business news in context, analysis with attitude

by Kevin Coupe

Interesting piece in the Wall Street Journal the other day about innovations taking place in the bicycle shop industry, as retailers look for new ways to attract customers and business.

According to the story, "Around the country, bike shops are shifting gears. The National Bicycle Dealers Association 2013 survey of 4,000 establishments found that 12% have coffee bars, 11% offer spinning classes and almost 5% serve beer. About 1% offer massages, yoga or full-service restaurants ... For some shops, diversification is a survival strategy. While more people are riding bikes - cycling in New York City alone has more than doubled since 2005 - fewer are buying new ones. And recently added bike-sharing programs in cities like Boston, New York and Chicago have put a dent in shop-based rentals. Now, the $6 billion U.S. bicycle market is trying to lure new customers, especially women and families, with extras ranging from poetry readings to open-mic nights and even weddings."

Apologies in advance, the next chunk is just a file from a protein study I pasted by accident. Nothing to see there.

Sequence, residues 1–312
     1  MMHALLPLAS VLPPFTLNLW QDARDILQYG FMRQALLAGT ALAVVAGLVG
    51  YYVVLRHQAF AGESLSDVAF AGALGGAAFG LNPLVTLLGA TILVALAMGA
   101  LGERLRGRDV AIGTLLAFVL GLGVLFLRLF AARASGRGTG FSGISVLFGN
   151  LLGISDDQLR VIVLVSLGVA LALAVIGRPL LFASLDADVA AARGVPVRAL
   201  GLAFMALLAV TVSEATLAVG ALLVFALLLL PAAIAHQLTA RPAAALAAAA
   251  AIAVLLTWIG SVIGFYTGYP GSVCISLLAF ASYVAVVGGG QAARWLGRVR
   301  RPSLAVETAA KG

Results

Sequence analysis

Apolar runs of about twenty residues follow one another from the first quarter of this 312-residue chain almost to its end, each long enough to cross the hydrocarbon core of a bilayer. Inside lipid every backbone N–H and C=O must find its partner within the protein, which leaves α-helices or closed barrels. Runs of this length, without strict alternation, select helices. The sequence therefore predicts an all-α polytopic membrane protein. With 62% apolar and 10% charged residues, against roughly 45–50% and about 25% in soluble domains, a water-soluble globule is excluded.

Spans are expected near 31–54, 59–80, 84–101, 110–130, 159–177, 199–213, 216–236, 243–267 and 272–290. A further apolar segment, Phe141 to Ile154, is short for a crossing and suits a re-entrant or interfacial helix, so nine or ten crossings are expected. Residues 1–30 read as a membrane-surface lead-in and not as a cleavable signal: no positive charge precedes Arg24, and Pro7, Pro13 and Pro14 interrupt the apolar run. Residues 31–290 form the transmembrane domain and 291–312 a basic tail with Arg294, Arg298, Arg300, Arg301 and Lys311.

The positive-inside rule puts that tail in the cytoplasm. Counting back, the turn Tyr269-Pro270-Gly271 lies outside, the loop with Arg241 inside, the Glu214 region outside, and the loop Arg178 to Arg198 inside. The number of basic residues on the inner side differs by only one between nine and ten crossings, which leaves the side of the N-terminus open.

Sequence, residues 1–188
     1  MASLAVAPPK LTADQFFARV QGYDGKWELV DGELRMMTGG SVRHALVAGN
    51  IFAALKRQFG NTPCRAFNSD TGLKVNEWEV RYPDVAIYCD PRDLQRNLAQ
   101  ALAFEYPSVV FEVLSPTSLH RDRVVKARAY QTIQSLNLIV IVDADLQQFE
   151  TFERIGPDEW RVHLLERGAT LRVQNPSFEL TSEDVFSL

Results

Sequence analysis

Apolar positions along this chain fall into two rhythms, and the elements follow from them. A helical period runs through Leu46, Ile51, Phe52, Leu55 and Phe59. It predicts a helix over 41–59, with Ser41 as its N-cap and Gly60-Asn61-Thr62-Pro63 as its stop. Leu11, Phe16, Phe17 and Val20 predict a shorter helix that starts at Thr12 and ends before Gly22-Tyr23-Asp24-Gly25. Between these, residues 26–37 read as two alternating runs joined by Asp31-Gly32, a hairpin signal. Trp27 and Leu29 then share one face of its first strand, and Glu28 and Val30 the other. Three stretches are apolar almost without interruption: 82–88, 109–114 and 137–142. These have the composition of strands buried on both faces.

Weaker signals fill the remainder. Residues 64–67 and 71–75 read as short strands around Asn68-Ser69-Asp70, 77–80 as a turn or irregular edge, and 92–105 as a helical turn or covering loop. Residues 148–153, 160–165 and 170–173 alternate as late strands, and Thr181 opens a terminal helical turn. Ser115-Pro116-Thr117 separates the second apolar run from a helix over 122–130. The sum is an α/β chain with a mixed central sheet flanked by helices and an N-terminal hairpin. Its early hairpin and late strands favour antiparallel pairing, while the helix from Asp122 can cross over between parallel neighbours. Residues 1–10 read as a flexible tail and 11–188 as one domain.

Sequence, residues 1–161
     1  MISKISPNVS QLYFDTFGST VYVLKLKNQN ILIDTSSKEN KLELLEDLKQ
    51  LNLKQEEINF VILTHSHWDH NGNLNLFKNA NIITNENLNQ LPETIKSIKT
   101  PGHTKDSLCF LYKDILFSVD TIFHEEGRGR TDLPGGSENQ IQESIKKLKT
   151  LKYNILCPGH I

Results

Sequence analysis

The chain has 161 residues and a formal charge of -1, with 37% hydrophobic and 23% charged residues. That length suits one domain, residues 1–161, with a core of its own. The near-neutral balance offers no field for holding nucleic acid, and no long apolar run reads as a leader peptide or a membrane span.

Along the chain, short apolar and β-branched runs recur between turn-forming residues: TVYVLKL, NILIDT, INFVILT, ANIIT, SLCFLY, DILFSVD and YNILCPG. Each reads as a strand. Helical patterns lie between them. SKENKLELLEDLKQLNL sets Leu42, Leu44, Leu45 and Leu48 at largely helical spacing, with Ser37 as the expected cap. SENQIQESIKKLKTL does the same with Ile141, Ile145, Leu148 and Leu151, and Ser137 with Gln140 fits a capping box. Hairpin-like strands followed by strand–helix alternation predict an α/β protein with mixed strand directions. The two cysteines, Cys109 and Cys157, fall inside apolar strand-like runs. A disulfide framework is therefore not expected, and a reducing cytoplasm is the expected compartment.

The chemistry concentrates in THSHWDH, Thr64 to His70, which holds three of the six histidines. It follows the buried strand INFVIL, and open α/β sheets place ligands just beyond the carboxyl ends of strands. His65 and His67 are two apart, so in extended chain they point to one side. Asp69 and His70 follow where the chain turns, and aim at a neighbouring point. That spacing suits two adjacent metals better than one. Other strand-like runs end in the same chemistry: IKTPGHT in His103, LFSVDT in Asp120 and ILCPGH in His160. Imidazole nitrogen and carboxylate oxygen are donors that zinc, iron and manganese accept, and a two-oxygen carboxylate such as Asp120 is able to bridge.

What's intrigues me about this is not just the notion that in order to compete, retailers have to expand the kinds of products and services that they offer. There's also the structure of the retail bike business itself - while mass and discount retailers and toy store sell almost three-quarters of all bikes in the US, for an average price of $78, they also represent less than a third of industry volume.

The National Bicycle Dealers Association website says that "the approximately 4,100 specialty bicycle retailers commanded approximately 15% of the bicycle market in terms of unit sales in 2012, but 52% of the dollars, a dominant dollar share. Dealer price points generally start at around $200, with the average at $673, though prices can range into the thousands. While the number of specialty bicycle stores has declined in recent years due to consolidation, they are responsible for approximately the same amount of business through these fewer (but larger) stores today."

The lesson is instructive, I think.

It is an Eye-Opener.
KC's View: